desktop

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desktop

denoting a computer system, esp for word processing, that is small enough to use at a desk
Collins Discovery Encyclopedia, 1st edition © HarperCollins Publishers 2005

desktop

[′desk‚täp]
(computer science)
In a graphical user interface, a screen on which frequently used software resources are represented by icons.
McGraw-Hill Dictionary of Scientific & Technical Terms, 6E, Copyright © 2003 by The McGraw-Hill Companies, Inc.

desktop

(operating system)
In a WIMP graphical user interface, the visual representation of a real desktop (the top surface of a piece of furniture) with documents, folders and a rubbish bin arranged on it. The user manipulates files on the computer by using a mouse to click and drag their representations (icons) on the desktop.

The WIMP interface and desktop metaphor was invented at Xerox PARC and popularised by the Apple Macintosh.

desktop

(computer)
This article is provided by FOLDOC - Free Online Dictionary of Computing (foldoc.org)

desktop

(1) Synonymous with desktop computer. For example, the phrase "the IT department supports 150 desktops" means it is responsible for maintaining 150 user computers. In such cases, laptop computers may be counted as desktop computers.

(2) A prefix attached to the name of personal computer applications that perform functions previously available only on large workstations and mainframes; for example, "desktop publishing" and "desktop mapping." With the advent of smartphones and tablets, "mobile" replaced desktop as the prefix in vogue.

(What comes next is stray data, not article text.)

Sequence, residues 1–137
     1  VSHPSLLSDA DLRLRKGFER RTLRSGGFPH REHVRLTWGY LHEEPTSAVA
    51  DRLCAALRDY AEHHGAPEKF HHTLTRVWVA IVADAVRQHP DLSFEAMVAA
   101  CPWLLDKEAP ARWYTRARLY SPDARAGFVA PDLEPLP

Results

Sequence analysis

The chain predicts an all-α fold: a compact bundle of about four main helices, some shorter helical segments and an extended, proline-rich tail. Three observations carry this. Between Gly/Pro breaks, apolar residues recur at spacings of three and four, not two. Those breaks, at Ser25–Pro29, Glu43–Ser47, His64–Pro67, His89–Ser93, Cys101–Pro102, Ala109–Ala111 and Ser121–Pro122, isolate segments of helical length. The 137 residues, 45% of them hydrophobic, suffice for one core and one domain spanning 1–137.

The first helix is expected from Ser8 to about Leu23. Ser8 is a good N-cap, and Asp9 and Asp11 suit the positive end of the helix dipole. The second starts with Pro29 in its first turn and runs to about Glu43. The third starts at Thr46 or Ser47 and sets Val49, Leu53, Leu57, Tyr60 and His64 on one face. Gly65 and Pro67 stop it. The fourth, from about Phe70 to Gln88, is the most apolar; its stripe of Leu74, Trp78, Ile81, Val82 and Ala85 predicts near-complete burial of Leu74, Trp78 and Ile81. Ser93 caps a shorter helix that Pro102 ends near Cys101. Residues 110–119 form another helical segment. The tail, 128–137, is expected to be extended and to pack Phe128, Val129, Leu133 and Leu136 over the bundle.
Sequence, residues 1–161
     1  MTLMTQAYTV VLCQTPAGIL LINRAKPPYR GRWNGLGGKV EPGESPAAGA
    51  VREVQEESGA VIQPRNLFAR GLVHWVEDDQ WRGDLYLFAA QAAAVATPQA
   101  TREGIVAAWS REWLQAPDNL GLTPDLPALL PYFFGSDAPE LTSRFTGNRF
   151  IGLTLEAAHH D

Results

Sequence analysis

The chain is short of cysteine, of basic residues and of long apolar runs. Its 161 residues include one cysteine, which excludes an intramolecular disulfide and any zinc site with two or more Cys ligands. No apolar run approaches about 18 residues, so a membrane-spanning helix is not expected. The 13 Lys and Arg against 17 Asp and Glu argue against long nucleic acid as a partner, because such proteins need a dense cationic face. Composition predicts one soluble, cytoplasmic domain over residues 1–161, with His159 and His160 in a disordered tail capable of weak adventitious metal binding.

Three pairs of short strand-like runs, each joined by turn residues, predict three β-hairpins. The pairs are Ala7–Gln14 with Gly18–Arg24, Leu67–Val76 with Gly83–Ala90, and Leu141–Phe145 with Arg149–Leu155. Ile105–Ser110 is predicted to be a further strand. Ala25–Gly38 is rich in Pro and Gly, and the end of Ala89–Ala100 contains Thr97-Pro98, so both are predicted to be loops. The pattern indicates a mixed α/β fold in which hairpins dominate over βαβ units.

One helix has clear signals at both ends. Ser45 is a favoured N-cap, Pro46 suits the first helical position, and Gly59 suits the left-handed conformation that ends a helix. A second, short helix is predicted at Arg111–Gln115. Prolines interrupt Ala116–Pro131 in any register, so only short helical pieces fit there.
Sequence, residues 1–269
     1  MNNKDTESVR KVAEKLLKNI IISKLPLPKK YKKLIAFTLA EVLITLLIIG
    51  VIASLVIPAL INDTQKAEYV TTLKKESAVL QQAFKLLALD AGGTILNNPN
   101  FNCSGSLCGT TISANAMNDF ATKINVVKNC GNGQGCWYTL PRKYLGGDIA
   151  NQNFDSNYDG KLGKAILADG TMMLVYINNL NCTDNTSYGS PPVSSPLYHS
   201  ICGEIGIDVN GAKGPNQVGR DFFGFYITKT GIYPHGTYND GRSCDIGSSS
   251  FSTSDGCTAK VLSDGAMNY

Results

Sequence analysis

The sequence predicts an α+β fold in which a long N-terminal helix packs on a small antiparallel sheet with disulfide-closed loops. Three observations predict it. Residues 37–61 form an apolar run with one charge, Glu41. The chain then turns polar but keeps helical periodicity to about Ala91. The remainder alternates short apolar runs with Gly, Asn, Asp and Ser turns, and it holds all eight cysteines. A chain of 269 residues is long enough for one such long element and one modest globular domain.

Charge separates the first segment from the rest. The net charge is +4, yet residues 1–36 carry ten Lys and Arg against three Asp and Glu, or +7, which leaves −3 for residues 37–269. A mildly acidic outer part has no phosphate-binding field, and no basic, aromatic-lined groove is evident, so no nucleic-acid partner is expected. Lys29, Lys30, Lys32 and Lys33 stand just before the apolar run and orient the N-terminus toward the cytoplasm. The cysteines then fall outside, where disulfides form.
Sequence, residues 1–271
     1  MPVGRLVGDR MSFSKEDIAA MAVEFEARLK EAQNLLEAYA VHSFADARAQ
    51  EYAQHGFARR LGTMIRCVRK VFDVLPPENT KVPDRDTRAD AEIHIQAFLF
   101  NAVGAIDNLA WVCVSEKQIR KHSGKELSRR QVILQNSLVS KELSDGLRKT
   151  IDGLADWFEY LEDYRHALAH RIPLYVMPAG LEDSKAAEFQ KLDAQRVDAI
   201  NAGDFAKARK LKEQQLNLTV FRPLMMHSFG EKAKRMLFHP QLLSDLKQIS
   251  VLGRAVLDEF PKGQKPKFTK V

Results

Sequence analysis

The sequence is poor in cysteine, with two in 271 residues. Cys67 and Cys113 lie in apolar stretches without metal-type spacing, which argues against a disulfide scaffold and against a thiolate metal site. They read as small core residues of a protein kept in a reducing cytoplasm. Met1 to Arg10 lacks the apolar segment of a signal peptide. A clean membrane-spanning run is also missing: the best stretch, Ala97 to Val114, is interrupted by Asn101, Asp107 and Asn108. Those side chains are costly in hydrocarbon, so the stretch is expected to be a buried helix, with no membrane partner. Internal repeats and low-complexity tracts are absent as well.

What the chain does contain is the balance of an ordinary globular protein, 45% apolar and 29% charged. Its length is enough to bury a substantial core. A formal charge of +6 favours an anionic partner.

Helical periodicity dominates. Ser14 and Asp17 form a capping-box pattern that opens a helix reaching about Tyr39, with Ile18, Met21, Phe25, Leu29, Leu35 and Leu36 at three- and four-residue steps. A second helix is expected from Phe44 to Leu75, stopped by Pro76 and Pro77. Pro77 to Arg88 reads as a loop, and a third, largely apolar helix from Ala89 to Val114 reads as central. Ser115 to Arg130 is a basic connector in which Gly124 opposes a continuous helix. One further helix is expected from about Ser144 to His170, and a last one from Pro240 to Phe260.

(3) The screen appearance after logging onto a desktop computer. The desktop is actually a folder that holds files and folders like any other folder; however, it remains on screen in the background at all times, ostensibly simulating a physical desktop. The desktop also includes menus and icons for launching applications and managing the computer. See wallpaper.


More Like a Real Desktop
For centuries, people spread out paper documents side-by-side on their desk surfaces for comparison. The only way to emulate a real desktop is with multiple monitors. In 2004, these two 21" Samsung flat panels allowed four Web pages or text documents to be viewed side by side.
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